The Coronavirus Will Probably Teach Us Nothing About Germs

Humans will be humans, pandemic or not

When life gets me down, I often remind myself of these pragmatic lyrics from “Always Look on the Bright Side of Life” (featured in Life of Brian) by legendary Monty Python member Eric Idle:

Life’s a piece of shit
When you look at it
Life’s a laugh and death’s a joke, it’s true
You’ll see it’s all a show
Keep ’em laughing as you go
Just remember, the last laugh is on you.

The message is sensible and has been repeated by humanity time and again, in countless poems, doctrines and proverbs: Life sucks, so you better grab at any goodness you can get.

As I type out this article, it would be fair to say that the world and its inhabitants are seriously struggling, and that, yes, life sucks. It would also be fair to say that many people, in an attempt to cope, are reaching for what Idle suggests in this song: They see the coronavirus, the quarantine and the deaths, and they say, well, hopefully we find some positives in all of this. Hopefully we realize that essential employees deserve higher pay, that the planet needs to be respected, that our health-care and social systems are flawed, and finally, that we should all be doing a better job of washing our hands and covering our coughs, and that germs are no joke.

I hold out hope, too. Just the other day, I spoke with psychologist Melissa Burkley, author of The Social Thinker blog, about the possible social outcomes of extended quarantine, and while she suggested that people would likely return to their normal, highly social selves once permitted, she added, “What’s more likely is that we’ll walk away from this with some new, more hygienic habits that will hopefully stay with us far longer than this pandemic.” 

Likewise, psychologist, hypnotherapist and phobia specialist Adam Cox projected that a substantial portion of the population will be forever shadowed by a fear of germs once the coronavirus outbreak has passed, an experience that would obviously encourage improved hygiene.

Even if people unconsciously spend more time washing their hands and staying home from work when this is all done and gone, surely a lot of lives will be spared in the future. And if that were to happen, it could come to be considered one of the supposed “bright sides” of this whole coronavirus crisis.

But unfortunately, learning from the past is asking a lot of humans. I asked microbiologist and “Germ Guy” Jason Tetro if he thinks the public will become more wary of germs after all of this, and he responded, “As much as I’d like to say yes, the answer is probably no. Why? SARS, pandemic influenza, Ebola — all of these had us going for hand sanitizers and even those masks. Did that last, though? No.”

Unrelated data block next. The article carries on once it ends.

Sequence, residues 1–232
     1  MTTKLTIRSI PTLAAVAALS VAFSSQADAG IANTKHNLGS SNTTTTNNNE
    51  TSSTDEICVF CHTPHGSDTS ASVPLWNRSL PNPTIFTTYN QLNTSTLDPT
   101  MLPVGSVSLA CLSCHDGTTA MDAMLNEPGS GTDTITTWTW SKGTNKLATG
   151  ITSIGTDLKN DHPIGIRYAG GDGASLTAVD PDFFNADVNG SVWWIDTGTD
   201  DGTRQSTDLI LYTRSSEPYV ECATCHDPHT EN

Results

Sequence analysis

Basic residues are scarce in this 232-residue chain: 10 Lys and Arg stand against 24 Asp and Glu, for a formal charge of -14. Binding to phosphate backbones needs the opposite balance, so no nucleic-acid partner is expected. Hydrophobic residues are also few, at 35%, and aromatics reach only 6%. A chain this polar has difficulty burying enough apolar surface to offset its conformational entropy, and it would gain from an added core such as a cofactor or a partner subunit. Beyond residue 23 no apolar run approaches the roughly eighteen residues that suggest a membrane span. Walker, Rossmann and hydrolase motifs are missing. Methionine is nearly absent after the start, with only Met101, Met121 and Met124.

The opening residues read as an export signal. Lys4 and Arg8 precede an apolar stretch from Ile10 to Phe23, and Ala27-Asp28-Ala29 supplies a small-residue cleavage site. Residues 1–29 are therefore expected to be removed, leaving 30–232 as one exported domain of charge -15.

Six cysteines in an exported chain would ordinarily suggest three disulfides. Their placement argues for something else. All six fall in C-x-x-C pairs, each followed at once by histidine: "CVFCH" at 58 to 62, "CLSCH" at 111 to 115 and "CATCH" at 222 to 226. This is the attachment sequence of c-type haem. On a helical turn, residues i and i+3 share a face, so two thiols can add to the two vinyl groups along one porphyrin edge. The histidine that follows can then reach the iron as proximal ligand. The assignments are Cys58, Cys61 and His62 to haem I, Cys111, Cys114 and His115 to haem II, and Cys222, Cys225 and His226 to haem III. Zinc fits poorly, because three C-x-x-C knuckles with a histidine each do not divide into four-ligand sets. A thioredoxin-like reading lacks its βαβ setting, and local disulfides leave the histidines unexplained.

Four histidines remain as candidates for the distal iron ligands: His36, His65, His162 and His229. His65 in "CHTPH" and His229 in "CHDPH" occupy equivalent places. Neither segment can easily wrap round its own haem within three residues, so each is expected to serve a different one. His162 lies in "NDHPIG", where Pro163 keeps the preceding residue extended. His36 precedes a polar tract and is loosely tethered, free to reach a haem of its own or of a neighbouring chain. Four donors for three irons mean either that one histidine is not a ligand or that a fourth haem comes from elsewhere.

If we go back even further, 1,500 years ago, the Plague of Justinian wiped out an estimated 30 to 50 million people — about half of all humanity at the time — and is often cited for catapulting society forward into the Middle Ages. However, a 2019 analysis argues that society learned virtually nothing from that plague, concluding, “We contend that this is sufficient evidence to reject the current scientific and humanistic consensus of the [Justinian plague] as a major driver of demographic change in the 6th century Mediterranean region.” Or as Tetro puts more plainly, “That particular bug, the plague, couldn’t change society, even though it was thought to be a serious problem at the time.”

Now, comparing pandemics and our past reactions to them, while maybe telling, is no magical lens into the future. And again, fingers crossed that we do learn some lessons from the coronavirus, or that we at least make use of the increase in hand sanitizer dispensers being installed in some public places. But as Tetro explains, “We tend to have short memories, and as a result, I don’t expect people to change their ways once this is all over, even if the coronavirus becomes cyclical and seasonal like the pandemic flu.” 

Furthermore, while there are a lot of people out there who could improve upon their hygiene, realistically, we can only achieve a certain level of cleanliness, and expecting people to give up any more than a few extra minutes of each day to keep clean is, sadly, a long shot.

On the bright side, if we do learn nothing and keep up our unhealthy habits, I know just the verse to play as the world burns:

For life is quite absurd
And death’s the final word
You must always face the curtain with a bow
Forget about your sin
Give the audience a grin
Enjoy it, it’s your last chance anyhow.

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